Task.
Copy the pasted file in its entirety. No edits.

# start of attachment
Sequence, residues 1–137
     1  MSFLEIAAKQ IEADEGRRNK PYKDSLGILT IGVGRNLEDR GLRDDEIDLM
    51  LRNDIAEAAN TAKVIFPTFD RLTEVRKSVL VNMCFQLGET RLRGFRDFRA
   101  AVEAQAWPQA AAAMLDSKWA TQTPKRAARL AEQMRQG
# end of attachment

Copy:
Sequence, residues 1–137
     1  MSFLEIAAKQ IEADEGRRNK PYKDSLGILT IGVGRNLEDR GLRDDEIDLM
    51  LRNDIAEAAN TAKVIFPTFD RLTEVRKSVL VNMCFQLGET RLRGFRDFRA
   101  AVEAQAWPQA AAAMLDSKWA TQTPKRAARL AEQMRQG